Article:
You can enable or disable this functionality by updating the configuration for your topic or domain. Select Cross-Geo option (default) to enable Microsoft-initiated failover and Regional to disable it. For detailed steps to configure this setting, see Configure data residency. If you opt for regional, no data of any kind is replicated to another region by Microsoft, and you can define your own disaster recovery plan. For more information, see Build your own disaster recovery plan for Azure Event Grid topics and domains.

Screenshot showing the Configuration page for an Event Grid custom topic.

Here are a few reasons why you want to disable the Microsoft-initiated failover feature:

  • Microsoft-initiated failover is done on a best-effort basis.
  • Some geo pairs don't meet your organization's data residency requirements.

In such cases, the recommended option is to build your own disaster recovery plan for Azure Event Grid topics and domains. While this option requires a bit more effort, it enables faster failover, and you are in control of choosing secondary regions. If you want to implement client-side disaster recovery for Azure Event Grid topics, see Build your own client-side disaster recovery for Azure Event Grid topics.


Disaster recovery is measured with two metrics:

  • Recovery Point Objective (RPO): the minutes or hours of data that might be lost.
  • Recovery Time Objective (RTO): the minutes or hours the service might be down.

Event Grid’s automatic failover has different RPOs and RTOs for your metadata (topics, domains, event subscriptions) and data (events). If you need different specification from the following ones, you can still implement your own client-side failover using the topic health APIs.

Recovery point objective (RPO)

  • Metadata RPO: zero minutes. For applicable resources, when a resource is created/updated/deleted, the resource definition is synchronously replicated to the geo-pair. When a failover occurs, no metadata is lost.

  • Data RPO: When a failover occurs, new data is processed from the paired region. As soon as the outage is mitigated for the affected region, the unprocessed events are dispatched from there. If the region recovery required longer time than the time-to-live value set on events, the data could get dropped. To mitigate this data loss, we recommend that you set up a dead-letter destination for an event subscription. If the affected region is lost and nonrecoverable, there will be some data loss. In the best-case scenario, the subscriber is keeping up with the publishing rate and only a few seconds of data is lost. The worst-case scenario would be when the subscriber isn't actively processing events and with a max time to live of 24 hours, the data loss can be up to 24 hours.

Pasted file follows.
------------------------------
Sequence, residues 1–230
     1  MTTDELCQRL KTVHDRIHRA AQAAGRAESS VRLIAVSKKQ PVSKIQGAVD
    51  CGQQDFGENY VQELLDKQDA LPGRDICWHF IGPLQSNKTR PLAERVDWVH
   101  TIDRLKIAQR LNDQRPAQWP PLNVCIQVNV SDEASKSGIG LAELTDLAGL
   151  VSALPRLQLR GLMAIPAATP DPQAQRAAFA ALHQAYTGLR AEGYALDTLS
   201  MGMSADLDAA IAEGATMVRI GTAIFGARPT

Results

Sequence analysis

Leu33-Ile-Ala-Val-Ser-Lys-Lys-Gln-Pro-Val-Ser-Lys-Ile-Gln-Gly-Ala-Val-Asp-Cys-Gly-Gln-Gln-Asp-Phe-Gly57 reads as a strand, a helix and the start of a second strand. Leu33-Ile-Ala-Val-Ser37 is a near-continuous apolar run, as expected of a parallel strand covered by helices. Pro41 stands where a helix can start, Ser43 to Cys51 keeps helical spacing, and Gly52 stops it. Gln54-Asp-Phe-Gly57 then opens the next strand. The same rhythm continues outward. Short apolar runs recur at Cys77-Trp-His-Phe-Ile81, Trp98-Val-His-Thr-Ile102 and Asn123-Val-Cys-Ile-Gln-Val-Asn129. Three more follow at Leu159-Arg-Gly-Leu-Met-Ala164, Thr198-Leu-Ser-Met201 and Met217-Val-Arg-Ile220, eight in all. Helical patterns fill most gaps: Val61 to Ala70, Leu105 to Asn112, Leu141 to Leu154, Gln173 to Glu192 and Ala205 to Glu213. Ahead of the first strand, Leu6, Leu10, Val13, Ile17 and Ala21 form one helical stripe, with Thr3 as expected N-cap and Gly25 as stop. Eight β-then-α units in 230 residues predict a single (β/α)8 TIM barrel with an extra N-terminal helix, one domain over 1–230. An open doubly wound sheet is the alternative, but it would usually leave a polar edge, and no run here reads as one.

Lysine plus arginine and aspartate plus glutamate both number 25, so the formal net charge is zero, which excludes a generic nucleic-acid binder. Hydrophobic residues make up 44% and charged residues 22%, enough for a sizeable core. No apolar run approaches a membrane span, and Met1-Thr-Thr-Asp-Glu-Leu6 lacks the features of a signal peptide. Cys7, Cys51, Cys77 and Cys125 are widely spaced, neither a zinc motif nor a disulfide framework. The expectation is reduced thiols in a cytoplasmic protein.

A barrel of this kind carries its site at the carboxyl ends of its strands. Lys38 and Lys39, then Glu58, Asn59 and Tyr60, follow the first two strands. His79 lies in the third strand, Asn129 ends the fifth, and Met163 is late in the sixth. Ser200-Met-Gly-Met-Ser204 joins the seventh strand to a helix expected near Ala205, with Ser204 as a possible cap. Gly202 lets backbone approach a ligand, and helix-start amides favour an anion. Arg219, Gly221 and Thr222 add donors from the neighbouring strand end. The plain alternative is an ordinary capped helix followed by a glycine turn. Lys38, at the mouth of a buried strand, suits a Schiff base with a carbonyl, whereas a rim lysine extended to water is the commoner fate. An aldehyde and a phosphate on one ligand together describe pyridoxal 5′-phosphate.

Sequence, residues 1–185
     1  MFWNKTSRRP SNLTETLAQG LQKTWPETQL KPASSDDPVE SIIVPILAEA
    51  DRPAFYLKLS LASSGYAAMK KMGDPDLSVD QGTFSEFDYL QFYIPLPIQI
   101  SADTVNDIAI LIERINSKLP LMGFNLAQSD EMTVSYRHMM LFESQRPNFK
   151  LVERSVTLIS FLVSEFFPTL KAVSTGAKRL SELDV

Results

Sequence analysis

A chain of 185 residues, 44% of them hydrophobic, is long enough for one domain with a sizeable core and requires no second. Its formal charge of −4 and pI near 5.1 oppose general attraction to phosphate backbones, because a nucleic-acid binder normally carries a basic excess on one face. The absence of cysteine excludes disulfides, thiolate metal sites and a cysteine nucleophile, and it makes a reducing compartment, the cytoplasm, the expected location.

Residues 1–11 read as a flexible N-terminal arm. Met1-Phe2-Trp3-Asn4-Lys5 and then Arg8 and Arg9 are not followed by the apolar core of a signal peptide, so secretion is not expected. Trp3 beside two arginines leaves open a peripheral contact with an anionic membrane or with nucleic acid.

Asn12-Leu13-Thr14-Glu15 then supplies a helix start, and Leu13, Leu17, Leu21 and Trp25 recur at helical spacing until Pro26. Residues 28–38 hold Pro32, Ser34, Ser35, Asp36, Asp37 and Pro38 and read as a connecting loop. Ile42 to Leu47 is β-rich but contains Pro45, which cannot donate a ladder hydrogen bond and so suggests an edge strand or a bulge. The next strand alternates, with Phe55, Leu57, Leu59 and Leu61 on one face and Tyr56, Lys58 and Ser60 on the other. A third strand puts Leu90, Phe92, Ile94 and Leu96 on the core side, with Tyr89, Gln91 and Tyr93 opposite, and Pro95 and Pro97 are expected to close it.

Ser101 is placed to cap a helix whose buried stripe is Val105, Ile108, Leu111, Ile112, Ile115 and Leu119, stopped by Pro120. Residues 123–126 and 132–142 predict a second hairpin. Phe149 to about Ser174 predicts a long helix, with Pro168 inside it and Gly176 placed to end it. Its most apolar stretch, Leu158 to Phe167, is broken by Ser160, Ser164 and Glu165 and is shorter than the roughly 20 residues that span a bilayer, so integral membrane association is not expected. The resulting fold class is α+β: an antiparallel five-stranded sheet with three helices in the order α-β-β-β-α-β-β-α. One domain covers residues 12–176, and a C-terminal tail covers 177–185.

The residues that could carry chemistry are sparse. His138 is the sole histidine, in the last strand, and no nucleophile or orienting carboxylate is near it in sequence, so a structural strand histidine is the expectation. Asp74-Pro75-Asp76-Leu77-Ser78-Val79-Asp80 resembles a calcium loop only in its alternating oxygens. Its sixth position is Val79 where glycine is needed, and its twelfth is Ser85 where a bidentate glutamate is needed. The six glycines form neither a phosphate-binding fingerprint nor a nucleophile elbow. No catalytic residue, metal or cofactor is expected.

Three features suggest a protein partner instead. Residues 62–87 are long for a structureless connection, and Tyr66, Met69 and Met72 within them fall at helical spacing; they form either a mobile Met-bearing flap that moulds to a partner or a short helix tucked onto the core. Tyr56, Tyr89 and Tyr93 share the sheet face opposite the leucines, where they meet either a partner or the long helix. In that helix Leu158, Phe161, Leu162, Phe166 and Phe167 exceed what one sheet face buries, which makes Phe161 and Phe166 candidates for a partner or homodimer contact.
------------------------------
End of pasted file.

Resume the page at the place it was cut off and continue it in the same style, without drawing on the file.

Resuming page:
Recovery time objective (RTO)

  • Metadata RTO: Failover decision making is based on factors like available capacity in paired region and can last in the range of 60 minutes or more. Once failover is initiated, within 5 minutes, Event Grid begins to accept create/update/delete calls for topics and subscriptions.

  • Data RTO: Same as above information.


  • In case of server-side disaster recovery, if the paired region has no extra capacity to take on the additional traffic, Event Grid cannot initiate failover. The recovery is done on a best-effort basis.
  • There is not charge for using this feature.
  • Geo-disaster recovery is not supported for partner namespaces and partner topics.

Next steps

See Build your own client-side disaster recovery for Azure Event Grid topics.